3 reasons why you might not need to sell electric cars
The McKinsey EV index shows that sales of electric cars increased by 65% in 2018. But last year, dealers showed sales of electric cars rising by onl y 9% more year-on-year, and in the first quarter of this year, even before the coronavirus crisis, sales of electric cars fell by 25%. And it will get worse. What is happening with the electric car market and why do people suddenly not want them?
Sales built on government subsidies
One of the main reasons why electric cars are starting to lose their momentum is a decline in subsidies. A typical example is Norway, a country with a huge landmass, low population density, and enormous distances between cities. The most electric cars are sold in Norway out of all of Europe.
Norway has been systematically promoting electromobility since 1990. During that time, it prepared a wide range of various incentives, which, however, made the purchase of an electric car economically beneficial the end consumer. In short, an electric car often has a lower TCO than a similar car with an internal combustion engine. The success of this strategy is also evidenced by the fact that in April 2020, 10% of vehicles on Norwegian roads were purely electric.
Tools to support EV sales included zero import duties, zero VAT on purchases and leasing, zero annual registration tax, zero tolls, zero or reduced ferry fees, free parking in cities, access to bus lanes, and reduced taxes for companies. However, some of these benefits have already been canceled or reduced by the Norwegians. In some cities, it has even become problematic to park a car with an internal combustion engines. And government support is changing even in other countries. An example is Hong Kong, a former exhibition of electromobility, where a significant reduction in government support for EVs in 2017 literally killed all sales of electric cars, especially Tesla, which had an 80% market share.
Tesla is a seller of user experience, not electric cars
It was Tesla who became a symbol of electromobility, although it has still failed to reach the first place in EV sales. According to JATO Dynamics, it has long belonged to the strategic alliance of Renault-Nissan-Mitsubishi. But Tesla does not owe its success to the chosen drivetrain. Its popularity is based on a completely different, and at the time, innovative user interface, on the user experience, when the car acquires new functions even after its purchase. And in recent years also on Autopilot. That is, on the relatively average set of assistance systems that are now offered by a number of other car manufacturers. Only Tesla can sell them much better. However, Tesla’s marketing also seems to have convinced a number of carmakers that the future must be electric. But sales numbers don’t show that, and in recent years there have been more and more pitfalls around EVs.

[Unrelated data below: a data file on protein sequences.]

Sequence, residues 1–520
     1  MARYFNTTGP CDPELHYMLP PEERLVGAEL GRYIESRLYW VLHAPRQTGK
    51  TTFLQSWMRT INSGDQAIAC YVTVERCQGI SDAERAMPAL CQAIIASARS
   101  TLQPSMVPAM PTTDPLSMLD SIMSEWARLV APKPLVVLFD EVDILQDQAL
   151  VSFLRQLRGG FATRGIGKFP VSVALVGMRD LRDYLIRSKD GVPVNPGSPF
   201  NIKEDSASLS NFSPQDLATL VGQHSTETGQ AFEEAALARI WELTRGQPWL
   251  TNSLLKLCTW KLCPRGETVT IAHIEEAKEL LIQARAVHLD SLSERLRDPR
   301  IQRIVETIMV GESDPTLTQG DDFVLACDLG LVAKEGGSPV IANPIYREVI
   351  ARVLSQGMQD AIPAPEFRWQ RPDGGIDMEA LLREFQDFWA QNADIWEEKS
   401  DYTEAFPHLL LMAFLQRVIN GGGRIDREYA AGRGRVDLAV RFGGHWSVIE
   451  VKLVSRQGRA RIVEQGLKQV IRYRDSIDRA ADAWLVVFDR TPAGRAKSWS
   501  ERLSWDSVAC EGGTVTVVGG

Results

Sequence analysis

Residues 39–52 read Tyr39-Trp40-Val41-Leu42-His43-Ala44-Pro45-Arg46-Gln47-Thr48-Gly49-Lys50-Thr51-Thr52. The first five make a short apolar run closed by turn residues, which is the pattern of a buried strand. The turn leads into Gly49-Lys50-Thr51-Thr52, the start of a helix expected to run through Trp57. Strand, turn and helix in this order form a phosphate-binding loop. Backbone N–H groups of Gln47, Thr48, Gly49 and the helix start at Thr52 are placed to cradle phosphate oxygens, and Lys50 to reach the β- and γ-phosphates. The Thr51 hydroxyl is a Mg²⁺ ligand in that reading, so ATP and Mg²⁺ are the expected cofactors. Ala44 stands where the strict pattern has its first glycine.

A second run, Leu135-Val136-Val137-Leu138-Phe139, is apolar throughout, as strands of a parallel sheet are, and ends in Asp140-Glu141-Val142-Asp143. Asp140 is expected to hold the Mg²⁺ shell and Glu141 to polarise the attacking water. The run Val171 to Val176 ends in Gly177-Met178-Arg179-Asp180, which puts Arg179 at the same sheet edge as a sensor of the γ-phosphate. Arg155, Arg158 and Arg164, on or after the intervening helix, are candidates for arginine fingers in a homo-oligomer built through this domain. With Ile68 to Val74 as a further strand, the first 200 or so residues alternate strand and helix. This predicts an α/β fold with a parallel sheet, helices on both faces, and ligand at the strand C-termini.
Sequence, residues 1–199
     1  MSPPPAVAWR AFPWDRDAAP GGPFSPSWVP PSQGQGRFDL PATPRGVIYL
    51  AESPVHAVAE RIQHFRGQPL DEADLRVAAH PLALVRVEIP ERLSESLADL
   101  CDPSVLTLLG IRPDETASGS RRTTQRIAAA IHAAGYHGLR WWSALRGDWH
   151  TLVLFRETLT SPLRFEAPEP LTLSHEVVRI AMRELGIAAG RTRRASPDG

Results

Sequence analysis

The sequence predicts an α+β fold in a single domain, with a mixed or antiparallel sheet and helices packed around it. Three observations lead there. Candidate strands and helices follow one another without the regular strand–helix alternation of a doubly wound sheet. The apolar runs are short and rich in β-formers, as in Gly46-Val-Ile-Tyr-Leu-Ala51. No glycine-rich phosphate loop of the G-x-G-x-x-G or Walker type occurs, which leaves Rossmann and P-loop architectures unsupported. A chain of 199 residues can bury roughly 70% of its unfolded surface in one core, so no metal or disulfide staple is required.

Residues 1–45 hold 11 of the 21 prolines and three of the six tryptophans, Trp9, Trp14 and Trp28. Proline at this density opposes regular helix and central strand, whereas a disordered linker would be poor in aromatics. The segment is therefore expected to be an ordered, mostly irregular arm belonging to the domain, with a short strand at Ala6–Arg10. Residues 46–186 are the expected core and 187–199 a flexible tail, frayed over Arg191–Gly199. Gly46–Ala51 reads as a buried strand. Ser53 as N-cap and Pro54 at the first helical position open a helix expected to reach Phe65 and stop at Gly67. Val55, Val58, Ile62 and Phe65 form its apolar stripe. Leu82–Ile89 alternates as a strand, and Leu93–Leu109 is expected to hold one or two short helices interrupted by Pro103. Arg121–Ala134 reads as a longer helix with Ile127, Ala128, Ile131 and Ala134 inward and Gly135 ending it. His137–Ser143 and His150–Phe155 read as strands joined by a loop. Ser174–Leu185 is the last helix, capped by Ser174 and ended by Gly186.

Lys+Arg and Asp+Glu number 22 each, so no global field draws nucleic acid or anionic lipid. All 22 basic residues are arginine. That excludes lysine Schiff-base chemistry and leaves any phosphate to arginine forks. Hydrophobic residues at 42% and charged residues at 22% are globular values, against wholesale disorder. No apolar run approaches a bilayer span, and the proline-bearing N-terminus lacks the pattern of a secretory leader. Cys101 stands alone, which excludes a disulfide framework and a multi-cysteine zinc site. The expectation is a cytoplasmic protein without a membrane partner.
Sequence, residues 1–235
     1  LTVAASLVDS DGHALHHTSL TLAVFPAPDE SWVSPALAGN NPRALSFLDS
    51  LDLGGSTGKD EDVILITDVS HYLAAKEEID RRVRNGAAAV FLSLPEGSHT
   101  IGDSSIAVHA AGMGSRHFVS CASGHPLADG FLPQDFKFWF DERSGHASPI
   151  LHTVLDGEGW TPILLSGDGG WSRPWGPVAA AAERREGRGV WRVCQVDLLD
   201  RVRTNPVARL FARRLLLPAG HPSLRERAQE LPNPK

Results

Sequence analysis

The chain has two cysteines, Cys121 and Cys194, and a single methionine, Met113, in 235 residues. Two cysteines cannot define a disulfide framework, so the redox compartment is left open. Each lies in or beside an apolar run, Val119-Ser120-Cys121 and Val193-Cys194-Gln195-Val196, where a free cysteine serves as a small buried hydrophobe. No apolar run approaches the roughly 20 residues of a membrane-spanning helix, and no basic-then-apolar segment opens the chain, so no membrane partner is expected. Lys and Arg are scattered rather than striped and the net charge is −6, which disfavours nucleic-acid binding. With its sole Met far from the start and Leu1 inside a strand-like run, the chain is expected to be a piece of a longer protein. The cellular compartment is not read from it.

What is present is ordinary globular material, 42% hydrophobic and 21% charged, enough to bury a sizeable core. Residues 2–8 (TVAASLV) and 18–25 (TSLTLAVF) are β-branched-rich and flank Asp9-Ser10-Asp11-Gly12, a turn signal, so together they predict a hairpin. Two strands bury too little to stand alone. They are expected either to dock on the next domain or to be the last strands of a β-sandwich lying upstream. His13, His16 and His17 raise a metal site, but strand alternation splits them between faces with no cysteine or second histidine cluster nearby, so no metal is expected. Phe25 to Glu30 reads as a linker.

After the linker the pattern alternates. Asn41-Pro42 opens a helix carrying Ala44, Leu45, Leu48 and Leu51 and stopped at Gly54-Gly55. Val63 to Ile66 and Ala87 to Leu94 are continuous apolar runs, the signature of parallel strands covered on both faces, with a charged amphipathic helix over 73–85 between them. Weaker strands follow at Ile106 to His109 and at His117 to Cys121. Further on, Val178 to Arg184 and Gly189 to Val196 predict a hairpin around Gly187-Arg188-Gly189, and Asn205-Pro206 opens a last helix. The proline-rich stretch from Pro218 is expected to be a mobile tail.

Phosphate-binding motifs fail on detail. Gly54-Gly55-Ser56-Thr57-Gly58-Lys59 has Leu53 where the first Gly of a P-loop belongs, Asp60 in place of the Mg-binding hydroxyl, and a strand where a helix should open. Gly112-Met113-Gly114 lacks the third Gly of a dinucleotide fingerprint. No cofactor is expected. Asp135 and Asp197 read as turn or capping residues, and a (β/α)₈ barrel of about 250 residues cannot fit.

Where should I charge my electric car?
The main pitfall is already being shown to be charging. By this we do not mean the length of charging time, but rather the lack of charging points and the blocking of charging stations by cars with internal combustion engines or unruly EV drivers. The problem with charging stations is even more complex. The bottlneck is the electrical distribution network. Modern 350 kW and soon even 1200 kW charging stations need adequately dimensioned high-voltage distribution and, of course, energy sources.
And this is where electric cars take a hit for a second time. It turns out that the illusion of zero CO2 emissions is really just an illusion. One after another, studies are showing that modern diesel or gasoline engines actually produce much less CO2 than EVs. The amount of CO2 / km produced naturally depends on the structure of energy sources. In India, EVs produce 370 g CO2 / km, in China 258 g CO2 / km and in the United States, 202 g CO2 / km. In France, where they have the highest share of nuclear power plants, their EVS produce “only” 93 g CO2 / km. Just a reminder – the limits set by the EU regulation EC 443/2009 for next year are 95 g CO2 / km. And when it comes to ecology, the issue of lithium, its mining and recycling cannot be avoided. And even that is now being addressed more and more. Does it matter thatWell, maybe in the next 10 years it won’t matter at all…